Sunday, 11 November 2007

The birth of a Bee

Only stung once in the last week, and again, it was my fault, not the bees. I discovered a few drowning bees in the chook water, and figured they weren't accessing the goats bathtub water or water from the dam and I might need to situate some a bit closer. I didn't think I needed to dress up just to serve them drinks, I'd just go over there in my white shirt and black jeans and not hang around long. But 'long' is not a concept for bees, and one was quick to take exception to my black panted leg (bees hate dark colours) and, cartoon like, it whizzed past my face, arse first and impaled itself on my knee. It hurt a bit, but I don't really mind the initial pain, it wears off in a couple of minutes, it's the swell to twice the size and develop a hot beating heart of its own part that annoys. This time my knee bruised yellow from all the swelling.

So... the next time I approach the hive I have 3 layers of clothes on, including Trev's light grey overalls, the crotch is below knee level, so my knees are safe. I have a queen excluder, at last! For some reason Tasmanian beekeepers don't use them, so you end up with brood scattered throughout the hive, which means extracting honey with pupae and half developed bees in it. Not a good look, or I imagine, taste. So I haven't been able to rob as yet, waiting for the queen excluder to arrive, and trying to find the queen, who is somewhere in the hive (if you have an excluder you know she is in the supers below it). I've still to find her.

I also have a bee escape board, only Trev misheard that as a bee 'skateboard'. 'Haven't they got enough already, now you're buying them skateboards!'
The theory is that you place the super you want to extract on top and then place the bee escape board under it, the ingenious device allow bees to leave, but few of them are smart enough to figure their way back in. But of course mine haven't figured out how to leave! I went to nab the super today to discover they're all still there and feeling aggro, because they're trapped. Back on goes the lid and off I go again.

But the big news is that I have had a swarm. I went into the hive a few days back and realised that it is just chockers with bees, not a good look, they need room to move, and if overcrowded will do a runner. A friends bees had done so only days before. Bill described it as looking like Heathrow airport one day, and Hobart the next. He'd had a call to say someone had a swarm of bees, he didn't think they were his, but they were, and by the time he realised they were gone. Mine, well, they didn't swarm close by, they took off in a great tornado up and into bush, I didn't have a chance to reclaim them. Of course they all had as much honey as they could carry with them. I had a new super arrive in the mail the following day, I, belatedly, made it up and put it on the hive.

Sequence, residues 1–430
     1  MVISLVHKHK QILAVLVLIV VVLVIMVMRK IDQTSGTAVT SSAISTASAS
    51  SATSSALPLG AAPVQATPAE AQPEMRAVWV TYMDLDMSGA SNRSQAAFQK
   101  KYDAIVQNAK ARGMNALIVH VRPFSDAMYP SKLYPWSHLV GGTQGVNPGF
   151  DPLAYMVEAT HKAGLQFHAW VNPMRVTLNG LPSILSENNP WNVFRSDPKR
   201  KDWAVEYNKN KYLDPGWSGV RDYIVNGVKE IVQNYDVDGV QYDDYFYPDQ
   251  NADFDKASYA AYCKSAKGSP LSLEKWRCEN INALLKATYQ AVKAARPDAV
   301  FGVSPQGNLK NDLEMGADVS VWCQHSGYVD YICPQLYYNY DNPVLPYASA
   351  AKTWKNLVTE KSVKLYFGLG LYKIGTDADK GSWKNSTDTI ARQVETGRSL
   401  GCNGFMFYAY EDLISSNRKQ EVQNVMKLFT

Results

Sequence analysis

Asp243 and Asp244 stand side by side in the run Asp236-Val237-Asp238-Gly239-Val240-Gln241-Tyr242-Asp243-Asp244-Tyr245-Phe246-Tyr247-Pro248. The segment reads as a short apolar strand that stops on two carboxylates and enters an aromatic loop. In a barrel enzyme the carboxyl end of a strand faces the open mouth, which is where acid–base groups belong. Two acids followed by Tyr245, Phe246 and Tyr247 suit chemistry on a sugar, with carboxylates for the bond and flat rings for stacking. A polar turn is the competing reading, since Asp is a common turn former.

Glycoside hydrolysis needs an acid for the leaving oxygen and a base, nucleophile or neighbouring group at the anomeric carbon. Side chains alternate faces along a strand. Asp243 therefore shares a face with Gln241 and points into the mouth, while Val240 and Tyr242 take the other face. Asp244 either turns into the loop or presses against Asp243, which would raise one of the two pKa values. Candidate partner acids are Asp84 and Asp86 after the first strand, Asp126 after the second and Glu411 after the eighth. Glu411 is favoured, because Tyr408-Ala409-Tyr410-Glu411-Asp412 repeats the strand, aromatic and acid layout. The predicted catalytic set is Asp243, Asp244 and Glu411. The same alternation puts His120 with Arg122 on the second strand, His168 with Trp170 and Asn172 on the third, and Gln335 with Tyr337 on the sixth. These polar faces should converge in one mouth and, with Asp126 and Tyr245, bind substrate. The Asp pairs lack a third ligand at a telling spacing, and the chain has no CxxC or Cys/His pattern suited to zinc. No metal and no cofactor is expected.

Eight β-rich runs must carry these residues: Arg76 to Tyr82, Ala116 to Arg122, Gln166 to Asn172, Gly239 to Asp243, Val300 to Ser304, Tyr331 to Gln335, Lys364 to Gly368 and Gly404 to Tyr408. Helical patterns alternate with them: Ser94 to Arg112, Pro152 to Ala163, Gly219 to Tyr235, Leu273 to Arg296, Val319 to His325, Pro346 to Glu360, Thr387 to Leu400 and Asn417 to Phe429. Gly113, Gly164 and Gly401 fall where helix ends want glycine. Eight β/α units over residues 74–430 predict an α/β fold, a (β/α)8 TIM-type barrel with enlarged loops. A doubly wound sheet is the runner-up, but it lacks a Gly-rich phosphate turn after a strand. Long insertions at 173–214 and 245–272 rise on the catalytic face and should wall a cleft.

I've removed a few ideals of honey, and have taken photos of 'the birth of a bee'. They really are fascinating insects. I don't think they are taking too kindly to my over intrusive visits of late and I understand that the complete novice I am, I must be a trial to them. I'm hoping that I will not become overly-sensitized to future stings. Because they will happen. Maybe I should do something safer, like take up snake handling.


Julie H said...

Oh my, I had no idea there was so much to learn about bees. Beautiful, beautiful photo's.

Daisy said...

Those photos are fantastic! Welcome to blog land from one newbie to another!( Even though I've been reading your last site since your move to Tassie)Loved your book!

Linda said...

I'm extracting honey as we speak - by hand, as I can't afford, or rationalise the cost of a honey extractor - (if anyone has one tucked away in a corner and wants to sell it for a reasonable cost ... would be very happy to hear from you!)
It is very intensive heavy work doing it by hand, and not very efficient, and my arms are aching, but the honey is now being filtering for pollen and cappings and is impressing Caleb with its incredible sweetness.

Monte said...

You mean Trev hasn't welded up a honey extracting tool? I'm imagining you holding the frame and spinning around. Seriously though have you seen top bar hives. I wonder if they would be simpler for non-commercial use.

daharja said...

The bee photos are fantastic. Thankyou so much for them. I'm learning about bees, with the intention of starting my own beekeeping a few months from now (when I've learned enough to feel competent!), and it's great to see another woman having a go at it.

How is the house building going? I'm hoping you'll soon be in, with summer coming on. The bureau says it is going to be a scorcher - even for you folks down in Tassie.

han_ysic said...

I love the photo of the bee emerging from the ?egg? Never seen that before. Thanks for braving the stings. I'm sure there are simple extractors sitting by the dozen in old farm sheds gathering dust, but how do we get hold of these useful items.....maybe farm auctions would be a good place to go??? or check out the old mags like earth garden for a homemade one.

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